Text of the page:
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Mary Douglas is on record as being among the most brilliant and intellectually creative scholars of her time. For half a century she served the anthropology field with some of the most acclaimed pieces of cultural anthropology that have been used across the years as points of reference. The most prominent of her works is that of the biblical interpretation and criticism (Sheehan, 2005, p.16).
She spent enough time as a Hebrew bible scholar and therefore developed massive knowledge on the factual and theoretical aspects of the various books in the bible. She made it her personal objective to interrogate the bible and express it as a guide to modern civilization. This acted as her motivation to study and learn the Hebrew language (Douglas, 2004, p. 151).
She delved further, to place the various religious specializations into a contrast of truths and falsehoods with the objective of creating a critical, humane, and sensitive coexistence between the various religions. She chose to expose this contrast from two main perspectives.
The first is the perspective of an informed anthropologist who has a specific conception of the other religions through a balance of critical distance and cultural empathy. The second perspective is one of self-criticism of the western perception of religion. This in the end draws a line between the true, false and superstition in as far as religion is concerned (Fardon, 1999, p. 41).
To achieve a concrete, humane, and sensitive deduction of biblical teaching she proposes that there is a need to step out of the biblical judgment of other religions and evaluate the biblical religion as it is (Berlin, 1997, p. 400).
Mary Douglas as a successor of other important biblical studies scholars does not propose a new method to the study of the bible. She only presents a rather sophisticated and reflective approach to the development of a critical method of biblical studies that was proposed by earlier scholars.
Notions of purity and danger
The most prominent of her contributions to anthropology is her discussions on the notions of purity and danger. In her interpretation of purity and danger, she discusses the book of Leviticus and its prescriptions of good and evil and the relation between these native prescriptions and the modern civilized interpretation of the concept of good and evil (Fields, 1995, p. 23).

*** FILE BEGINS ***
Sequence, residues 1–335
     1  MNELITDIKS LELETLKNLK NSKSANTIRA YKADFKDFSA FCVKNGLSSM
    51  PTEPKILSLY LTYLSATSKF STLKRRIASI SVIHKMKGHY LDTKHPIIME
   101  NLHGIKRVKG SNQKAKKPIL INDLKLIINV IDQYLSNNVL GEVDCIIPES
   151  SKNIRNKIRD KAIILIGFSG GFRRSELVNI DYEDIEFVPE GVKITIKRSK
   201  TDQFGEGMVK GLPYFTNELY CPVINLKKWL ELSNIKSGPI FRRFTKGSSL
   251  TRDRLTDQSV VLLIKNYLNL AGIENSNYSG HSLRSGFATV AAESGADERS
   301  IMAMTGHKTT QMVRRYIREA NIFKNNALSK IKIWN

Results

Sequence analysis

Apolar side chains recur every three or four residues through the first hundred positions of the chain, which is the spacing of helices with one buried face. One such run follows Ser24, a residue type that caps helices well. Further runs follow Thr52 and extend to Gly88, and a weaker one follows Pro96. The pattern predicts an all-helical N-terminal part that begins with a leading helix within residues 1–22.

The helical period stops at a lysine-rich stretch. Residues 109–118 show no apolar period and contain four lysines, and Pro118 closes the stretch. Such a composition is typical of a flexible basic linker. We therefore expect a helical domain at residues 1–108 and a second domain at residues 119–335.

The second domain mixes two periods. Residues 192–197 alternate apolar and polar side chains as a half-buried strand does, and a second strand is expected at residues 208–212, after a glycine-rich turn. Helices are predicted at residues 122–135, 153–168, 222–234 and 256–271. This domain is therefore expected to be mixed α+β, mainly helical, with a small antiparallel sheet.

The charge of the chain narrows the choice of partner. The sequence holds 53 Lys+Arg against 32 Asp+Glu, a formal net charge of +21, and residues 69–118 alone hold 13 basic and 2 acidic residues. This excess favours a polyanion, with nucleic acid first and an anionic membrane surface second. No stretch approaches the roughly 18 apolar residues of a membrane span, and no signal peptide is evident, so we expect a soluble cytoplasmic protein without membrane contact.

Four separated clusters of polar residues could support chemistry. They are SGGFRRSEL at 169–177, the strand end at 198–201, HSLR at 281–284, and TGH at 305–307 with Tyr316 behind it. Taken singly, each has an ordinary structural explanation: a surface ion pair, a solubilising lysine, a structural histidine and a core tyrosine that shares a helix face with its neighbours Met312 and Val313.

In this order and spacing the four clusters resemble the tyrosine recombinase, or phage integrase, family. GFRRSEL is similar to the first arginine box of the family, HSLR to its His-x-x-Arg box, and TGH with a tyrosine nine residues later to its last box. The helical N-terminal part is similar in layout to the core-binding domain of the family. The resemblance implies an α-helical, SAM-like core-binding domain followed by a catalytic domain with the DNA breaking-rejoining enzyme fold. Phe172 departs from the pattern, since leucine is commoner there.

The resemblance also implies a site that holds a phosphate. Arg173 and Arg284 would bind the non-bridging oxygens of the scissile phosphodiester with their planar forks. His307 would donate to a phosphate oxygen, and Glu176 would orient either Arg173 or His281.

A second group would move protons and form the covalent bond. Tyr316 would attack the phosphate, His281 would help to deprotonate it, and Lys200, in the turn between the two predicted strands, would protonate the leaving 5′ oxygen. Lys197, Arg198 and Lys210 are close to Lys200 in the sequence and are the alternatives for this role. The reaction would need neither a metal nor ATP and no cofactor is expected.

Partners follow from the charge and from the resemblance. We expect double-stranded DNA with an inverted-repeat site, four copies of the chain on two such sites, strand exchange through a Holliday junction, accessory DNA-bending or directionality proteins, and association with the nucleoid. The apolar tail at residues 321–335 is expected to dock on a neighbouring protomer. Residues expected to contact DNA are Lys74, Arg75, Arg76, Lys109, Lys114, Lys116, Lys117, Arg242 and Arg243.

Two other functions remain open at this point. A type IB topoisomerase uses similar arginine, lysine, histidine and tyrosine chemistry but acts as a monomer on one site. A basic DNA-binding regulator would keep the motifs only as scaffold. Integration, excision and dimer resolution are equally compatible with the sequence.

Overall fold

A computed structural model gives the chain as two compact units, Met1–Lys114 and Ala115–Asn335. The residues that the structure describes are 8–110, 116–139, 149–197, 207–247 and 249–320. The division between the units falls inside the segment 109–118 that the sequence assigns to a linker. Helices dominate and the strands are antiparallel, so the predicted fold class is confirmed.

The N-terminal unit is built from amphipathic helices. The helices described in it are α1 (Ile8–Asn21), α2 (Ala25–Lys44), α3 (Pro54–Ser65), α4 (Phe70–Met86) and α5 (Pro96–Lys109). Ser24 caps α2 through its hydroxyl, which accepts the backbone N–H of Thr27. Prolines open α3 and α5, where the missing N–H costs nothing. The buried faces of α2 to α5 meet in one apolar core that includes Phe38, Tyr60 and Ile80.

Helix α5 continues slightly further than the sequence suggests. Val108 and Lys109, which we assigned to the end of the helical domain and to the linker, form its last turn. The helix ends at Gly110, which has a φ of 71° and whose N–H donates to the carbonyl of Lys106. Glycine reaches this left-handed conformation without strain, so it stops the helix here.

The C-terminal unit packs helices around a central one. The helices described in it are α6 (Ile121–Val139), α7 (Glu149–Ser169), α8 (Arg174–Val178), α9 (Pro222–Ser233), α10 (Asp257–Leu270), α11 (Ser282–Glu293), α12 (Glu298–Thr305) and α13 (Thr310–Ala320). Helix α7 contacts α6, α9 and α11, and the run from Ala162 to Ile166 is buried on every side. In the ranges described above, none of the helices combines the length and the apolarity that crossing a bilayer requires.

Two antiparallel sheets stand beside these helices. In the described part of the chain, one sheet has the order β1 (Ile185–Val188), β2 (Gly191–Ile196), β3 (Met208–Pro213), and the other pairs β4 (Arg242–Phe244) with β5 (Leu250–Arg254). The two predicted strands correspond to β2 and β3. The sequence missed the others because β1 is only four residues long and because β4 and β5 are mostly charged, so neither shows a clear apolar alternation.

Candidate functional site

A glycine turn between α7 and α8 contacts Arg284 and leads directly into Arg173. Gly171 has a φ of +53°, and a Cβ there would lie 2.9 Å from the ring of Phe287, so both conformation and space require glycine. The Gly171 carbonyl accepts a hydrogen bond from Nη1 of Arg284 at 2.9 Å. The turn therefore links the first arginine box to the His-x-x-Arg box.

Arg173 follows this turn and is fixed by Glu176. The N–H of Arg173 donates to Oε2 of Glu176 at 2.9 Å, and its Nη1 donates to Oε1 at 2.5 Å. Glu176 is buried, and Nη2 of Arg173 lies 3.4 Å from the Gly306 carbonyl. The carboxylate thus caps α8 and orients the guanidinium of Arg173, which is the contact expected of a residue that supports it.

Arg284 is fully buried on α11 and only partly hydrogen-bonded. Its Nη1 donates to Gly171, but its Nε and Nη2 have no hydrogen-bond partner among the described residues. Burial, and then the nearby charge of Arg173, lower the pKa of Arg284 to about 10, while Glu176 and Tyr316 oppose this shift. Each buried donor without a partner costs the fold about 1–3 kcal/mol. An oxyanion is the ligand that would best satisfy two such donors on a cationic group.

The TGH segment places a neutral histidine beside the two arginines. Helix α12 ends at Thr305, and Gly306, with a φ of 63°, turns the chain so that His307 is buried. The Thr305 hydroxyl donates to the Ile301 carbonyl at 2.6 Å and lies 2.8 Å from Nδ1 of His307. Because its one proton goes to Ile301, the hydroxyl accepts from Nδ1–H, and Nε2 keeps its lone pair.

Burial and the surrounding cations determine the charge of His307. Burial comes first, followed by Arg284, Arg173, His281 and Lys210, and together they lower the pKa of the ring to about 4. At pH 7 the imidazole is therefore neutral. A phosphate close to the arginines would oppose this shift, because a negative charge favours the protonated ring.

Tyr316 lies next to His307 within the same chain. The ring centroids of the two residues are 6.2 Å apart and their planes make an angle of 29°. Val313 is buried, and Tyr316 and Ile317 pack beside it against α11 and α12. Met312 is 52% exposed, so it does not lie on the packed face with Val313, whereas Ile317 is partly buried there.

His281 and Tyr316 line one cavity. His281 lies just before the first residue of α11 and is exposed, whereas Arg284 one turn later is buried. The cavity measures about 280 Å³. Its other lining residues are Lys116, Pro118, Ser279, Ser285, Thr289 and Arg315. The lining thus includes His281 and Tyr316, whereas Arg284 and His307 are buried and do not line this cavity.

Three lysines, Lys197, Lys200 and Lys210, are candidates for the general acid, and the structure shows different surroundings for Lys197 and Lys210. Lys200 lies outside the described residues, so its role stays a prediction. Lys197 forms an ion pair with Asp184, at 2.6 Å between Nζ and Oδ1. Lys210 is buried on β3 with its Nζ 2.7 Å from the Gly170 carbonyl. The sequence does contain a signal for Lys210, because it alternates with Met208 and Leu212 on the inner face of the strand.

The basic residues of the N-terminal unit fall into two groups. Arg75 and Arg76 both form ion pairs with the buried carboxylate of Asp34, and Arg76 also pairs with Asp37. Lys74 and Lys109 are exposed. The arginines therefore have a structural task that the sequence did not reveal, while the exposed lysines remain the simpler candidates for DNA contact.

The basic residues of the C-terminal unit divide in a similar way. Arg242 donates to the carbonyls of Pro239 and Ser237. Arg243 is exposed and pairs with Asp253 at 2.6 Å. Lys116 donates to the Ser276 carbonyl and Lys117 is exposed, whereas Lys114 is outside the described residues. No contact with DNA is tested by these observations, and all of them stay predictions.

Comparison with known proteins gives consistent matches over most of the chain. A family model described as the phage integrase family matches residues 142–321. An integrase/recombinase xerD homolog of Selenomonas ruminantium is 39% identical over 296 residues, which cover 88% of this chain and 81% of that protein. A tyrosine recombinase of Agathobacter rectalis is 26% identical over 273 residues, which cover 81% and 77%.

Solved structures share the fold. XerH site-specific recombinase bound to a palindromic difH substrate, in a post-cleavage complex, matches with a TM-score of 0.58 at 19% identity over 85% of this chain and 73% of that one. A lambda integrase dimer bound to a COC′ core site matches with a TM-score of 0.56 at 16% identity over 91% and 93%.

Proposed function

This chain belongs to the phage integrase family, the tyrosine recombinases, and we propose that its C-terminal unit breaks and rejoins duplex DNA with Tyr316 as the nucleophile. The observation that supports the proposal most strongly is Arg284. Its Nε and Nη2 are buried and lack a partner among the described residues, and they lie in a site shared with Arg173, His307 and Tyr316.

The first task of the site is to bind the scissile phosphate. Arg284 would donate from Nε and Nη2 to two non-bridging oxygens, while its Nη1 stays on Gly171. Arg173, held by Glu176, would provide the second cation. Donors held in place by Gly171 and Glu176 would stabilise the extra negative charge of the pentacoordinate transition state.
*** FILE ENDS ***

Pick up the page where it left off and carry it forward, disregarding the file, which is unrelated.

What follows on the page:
She begins her argument from the point of pollution rules. She conceives pollution as a series of events that systematic and anticipated or planned. A pollutive idea is therefore a predetermined series of events following each other (Douglas, 1966, p.62).
She exemplifies this argument by quoting the book of Leviticus and the specific abominations that are provided for in chapter 14. The chapter gives specific prescriptions of the animals that Christians should and should not eat (Douglas, 1975, p.262). She questions the notion and logic behind this prescription and puts to perspective the justifications behind these prescriptions.
Just like Maimonides (1881, p. 55) she proposes the argument that religion is to a large extent symbol free. In specific respects to the dietary prescriptions in Leviticus, she suggests that they are not meant to be symbolic but rather ethical and disciplinary. This view is shared by Epstein (1959, p.24) in his popular history of Judaism where he mentions
“Both sets of laws have a common aim …Holiness. While the positive precepts have been ordained for the cultivation of virtue and for the promotion of those finer qualities which distinguish the truly religious and ethical being, the negative precepts are defined to combat vice and suppress other evil tendencies and instances which stand athwart man’s striving towards holiness” (Epstein, 1959, p.24).
She compares this view with that of Driver (1895, p. 35) who suggests that there is no specific principle that determines the demarcation between clean and unclean animals. This would be because there is bone that covers all the possible scenarios. This therefore, leaves the implication that it can only be a conglomerate of principle that can be said to form a reasonable basis of determining a clean from an unclean animal.
She also makes reference to Jewish though that admits the complex nature of food restrictions. This is because god is perceived to be the creator of heaven and earth ands all that is in it. Moreover, by this mere fact he could not have created an unclean being.
The thought resigns to the opinion that each restriction has its independent deep reasoning that can be practically or ideologically be explained. The thought proposes an example of moses in the biblical narration and his lack of provision for weasels and mice out of his consideration for them. They are on the other hand extremely destructive to the grains and crops in the field.
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In totality, the various proposed interpretations do not hold since there is a different interpretation that has been given for each animal. This also opens the door for many other interpretations of the same concept. She however tolerates a second alternative and more logical view.